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From Nosce Teipsum

By Davies, John, Sir

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Book Id: WPLBN0000253202
Format Type: PDF eBook
File Size: 0.1 MB
Reproduction Date: 2007

Title: From Nosce Teipsum  
Author: Davies, John, Sir
Volume:
Language: English
Subject: Fiction, Poetry, Verse drama
Collections: Poetry Collection
Historic
Publication Date:
Publisher: World Public Library Association

Citation

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Davies, S. J. (n.d.). From Nosce Teipsum. Retrieved from http://schoolebooklibrary.net/


Description
Poetry

Excerpt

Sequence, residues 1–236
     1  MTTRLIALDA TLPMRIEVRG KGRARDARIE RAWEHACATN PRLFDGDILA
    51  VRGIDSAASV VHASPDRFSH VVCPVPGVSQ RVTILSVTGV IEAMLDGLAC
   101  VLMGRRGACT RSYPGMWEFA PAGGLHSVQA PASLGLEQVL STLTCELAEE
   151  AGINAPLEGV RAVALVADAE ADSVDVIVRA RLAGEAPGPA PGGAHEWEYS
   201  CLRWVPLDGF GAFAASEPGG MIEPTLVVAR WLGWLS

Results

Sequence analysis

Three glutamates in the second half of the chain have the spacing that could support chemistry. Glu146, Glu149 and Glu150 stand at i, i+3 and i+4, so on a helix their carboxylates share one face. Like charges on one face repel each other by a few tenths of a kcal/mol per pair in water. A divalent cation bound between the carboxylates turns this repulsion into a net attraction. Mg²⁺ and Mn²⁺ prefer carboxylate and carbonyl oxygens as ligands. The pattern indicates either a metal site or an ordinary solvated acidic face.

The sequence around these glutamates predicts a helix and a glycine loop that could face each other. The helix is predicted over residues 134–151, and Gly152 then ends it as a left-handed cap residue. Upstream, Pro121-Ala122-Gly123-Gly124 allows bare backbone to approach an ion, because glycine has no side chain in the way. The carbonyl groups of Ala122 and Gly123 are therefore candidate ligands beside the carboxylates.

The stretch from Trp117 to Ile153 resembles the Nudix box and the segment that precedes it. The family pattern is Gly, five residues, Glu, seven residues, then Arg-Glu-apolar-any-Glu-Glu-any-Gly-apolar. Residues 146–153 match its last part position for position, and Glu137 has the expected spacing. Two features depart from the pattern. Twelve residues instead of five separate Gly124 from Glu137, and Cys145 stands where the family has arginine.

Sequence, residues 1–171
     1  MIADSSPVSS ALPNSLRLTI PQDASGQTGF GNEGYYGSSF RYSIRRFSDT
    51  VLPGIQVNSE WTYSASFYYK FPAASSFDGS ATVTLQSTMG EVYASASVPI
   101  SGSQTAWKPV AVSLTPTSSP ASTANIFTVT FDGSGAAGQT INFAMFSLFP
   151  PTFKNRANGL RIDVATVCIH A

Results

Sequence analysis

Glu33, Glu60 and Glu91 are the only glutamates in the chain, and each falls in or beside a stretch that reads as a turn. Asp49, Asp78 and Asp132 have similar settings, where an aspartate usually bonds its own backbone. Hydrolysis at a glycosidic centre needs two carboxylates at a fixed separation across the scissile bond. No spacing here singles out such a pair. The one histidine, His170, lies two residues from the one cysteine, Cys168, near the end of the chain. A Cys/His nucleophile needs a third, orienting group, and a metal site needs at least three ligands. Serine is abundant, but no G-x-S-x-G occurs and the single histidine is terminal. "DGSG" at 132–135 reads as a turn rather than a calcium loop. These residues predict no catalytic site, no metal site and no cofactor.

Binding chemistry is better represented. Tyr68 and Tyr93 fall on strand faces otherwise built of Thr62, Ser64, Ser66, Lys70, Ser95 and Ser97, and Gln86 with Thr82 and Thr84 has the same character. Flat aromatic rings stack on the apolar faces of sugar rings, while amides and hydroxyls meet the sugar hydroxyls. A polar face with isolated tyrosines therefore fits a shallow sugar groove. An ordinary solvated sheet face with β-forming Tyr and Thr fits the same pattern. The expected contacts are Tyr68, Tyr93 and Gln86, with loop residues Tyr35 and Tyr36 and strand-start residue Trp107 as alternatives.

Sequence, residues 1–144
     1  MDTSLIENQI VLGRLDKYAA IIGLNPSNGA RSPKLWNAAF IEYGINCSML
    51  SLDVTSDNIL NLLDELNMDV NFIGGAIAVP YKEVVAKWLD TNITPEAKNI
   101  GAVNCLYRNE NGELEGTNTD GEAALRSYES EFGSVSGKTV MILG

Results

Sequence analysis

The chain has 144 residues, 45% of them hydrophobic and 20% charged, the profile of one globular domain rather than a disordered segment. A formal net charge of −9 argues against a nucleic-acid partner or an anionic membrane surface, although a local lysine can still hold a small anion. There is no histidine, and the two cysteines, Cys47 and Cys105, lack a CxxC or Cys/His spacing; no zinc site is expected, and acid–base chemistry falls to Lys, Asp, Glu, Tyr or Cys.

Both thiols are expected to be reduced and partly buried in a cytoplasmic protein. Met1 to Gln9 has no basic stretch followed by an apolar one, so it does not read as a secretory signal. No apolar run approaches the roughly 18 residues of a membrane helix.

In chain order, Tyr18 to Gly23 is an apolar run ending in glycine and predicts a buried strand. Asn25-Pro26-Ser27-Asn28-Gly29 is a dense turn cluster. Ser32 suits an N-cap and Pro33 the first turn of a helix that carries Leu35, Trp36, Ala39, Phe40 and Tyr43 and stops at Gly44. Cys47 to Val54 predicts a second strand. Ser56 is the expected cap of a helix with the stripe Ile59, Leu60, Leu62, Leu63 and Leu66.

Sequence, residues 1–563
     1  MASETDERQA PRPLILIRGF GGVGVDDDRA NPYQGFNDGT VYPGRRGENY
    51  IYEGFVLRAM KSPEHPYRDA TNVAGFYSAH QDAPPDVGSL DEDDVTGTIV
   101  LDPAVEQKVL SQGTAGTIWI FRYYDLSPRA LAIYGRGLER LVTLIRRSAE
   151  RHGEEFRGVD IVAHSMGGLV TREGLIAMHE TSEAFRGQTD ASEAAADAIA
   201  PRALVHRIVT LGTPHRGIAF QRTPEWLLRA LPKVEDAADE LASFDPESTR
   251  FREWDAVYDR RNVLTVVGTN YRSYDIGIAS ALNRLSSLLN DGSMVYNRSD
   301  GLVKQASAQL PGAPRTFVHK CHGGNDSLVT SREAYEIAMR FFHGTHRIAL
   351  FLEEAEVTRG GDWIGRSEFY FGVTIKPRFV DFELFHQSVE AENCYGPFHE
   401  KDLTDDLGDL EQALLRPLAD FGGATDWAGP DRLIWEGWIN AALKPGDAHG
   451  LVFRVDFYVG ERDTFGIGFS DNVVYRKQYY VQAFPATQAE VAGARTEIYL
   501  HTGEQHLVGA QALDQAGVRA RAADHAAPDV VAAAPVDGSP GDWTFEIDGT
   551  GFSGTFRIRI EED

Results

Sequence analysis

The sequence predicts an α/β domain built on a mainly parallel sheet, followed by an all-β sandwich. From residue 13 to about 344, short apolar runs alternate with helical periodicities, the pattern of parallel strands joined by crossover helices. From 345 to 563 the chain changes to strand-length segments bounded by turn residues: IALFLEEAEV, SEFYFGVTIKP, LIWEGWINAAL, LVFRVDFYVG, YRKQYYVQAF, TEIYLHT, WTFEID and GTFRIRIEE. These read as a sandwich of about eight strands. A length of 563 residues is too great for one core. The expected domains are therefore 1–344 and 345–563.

Excerpt: WHY did my parents send me to the schools // That I with knowledge might enrich my mind? // Since the desire to know first made men fools, // And did corrupt the root of all mankind. // For when God's hand had written in the hearts // Of the first parents all the rules of good, // So that their skill infused did pass all arts // That ever were, before or since the flood, // And when their reason's eye was sharp and clear, // And, as an eagle can behold the sun, // Could have approached th' eternal light as near // As the intellectual angels could have done, // Even then to them the spirit of lies suggests // That they were blind, because they saw not ill, // And breathes into their incorrupted breasts // A curious wish, which did corrupt their will. // For that same ill they straight desired to know; // Which ill, being nought but a defect of good, // And all God's works the devil could not show // While man their lord in his perfection stood. // So that themselves were first to do the ill, // Ere they thereof the knowledge could attain; // Like him that knew not poison's power to kill, // Until, by tasting it, himself was slain. // Even so by tasting of that fruit forbid, // Where they sought knowledge, they did error find; // Ill they desired to know, and ill they did, // And to give passion eyes, made reason blind. // For then their minds did first in passion see // Those wretched shapes of misery and woe, // Of nakedness, of shame, of poverty, // Which then their own experience made them know. // But then grew reason dark, that she no more // Could the fair forms of good and truth discern; // Bats they became, that eagles were before, // And this they got by their desire to learn. // But we, their wretched offspring, what do we? // Do not we still taste of the fruit forbid...

 
 



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